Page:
Saturday, 3 October 2015

Why Islamic State Is Politically Unsustainable

So Islamic State leader Abu Bakr al-Baghdadi wants to establish the Caliphate of all Caliphates, unleashing terror everywhere he can, and ruling Islamic State nations under the thrall of their terror-inducing regime. Ah, if only he was a bit more familiar with the works of Plato and Aristotle, or even a bit more cognisant of historical antecedents, he and his fellow Jihadi thugs would see that their aspirations of nation-ruling are unrealistic.

A general pattern throughout the history of military or political coups is that even when they are brutal and catastrophic for the citizens, they soon reach a point of levelling out, not least because it's nigh-on impossible to rule a country under continual internal barbarism and eradication of human rights for a sustainable period of time.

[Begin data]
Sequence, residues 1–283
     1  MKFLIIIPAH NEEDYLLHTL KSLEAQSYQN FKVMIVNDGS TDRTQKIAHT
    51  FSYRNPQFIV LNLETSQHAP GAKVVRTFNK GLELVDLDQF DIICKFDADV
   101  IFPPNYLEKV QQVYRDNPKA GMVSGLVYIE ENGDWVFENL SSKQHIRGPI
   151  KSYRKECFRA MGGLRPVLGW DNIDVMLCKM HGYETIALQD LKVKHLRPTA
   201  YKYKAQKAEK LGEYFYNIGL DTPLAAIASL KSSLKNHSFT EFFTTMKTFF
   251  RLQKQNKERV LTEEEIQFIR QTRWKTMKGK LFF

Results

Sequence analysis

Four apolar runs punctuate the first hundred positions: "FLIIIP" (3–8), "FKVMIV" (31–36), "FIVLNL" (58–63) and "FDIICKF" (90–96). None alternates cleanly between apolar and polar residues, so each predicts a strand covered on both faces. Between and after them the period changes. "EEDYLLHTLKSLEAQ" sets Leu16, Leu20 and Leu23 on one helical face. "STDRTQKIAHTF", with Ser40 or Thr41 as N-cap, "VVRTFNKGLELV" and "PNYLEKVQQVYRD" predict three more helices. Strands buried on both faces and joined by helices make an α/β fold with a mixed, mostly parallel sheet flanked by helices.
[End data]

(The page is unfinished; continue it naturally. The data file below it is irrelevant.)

In other words, good conquerors, even Caliphs, totalitarian as they were, still allowed at least a semblance of autonomy and harassment-free administration of people. That's why, even though it is likely that these horrible terrorist groups will continue to pop up, the idea of ruling nations consistent with the backward, totalising, barbaric, freedom denying methods of Islamic State is wholly unrealistic.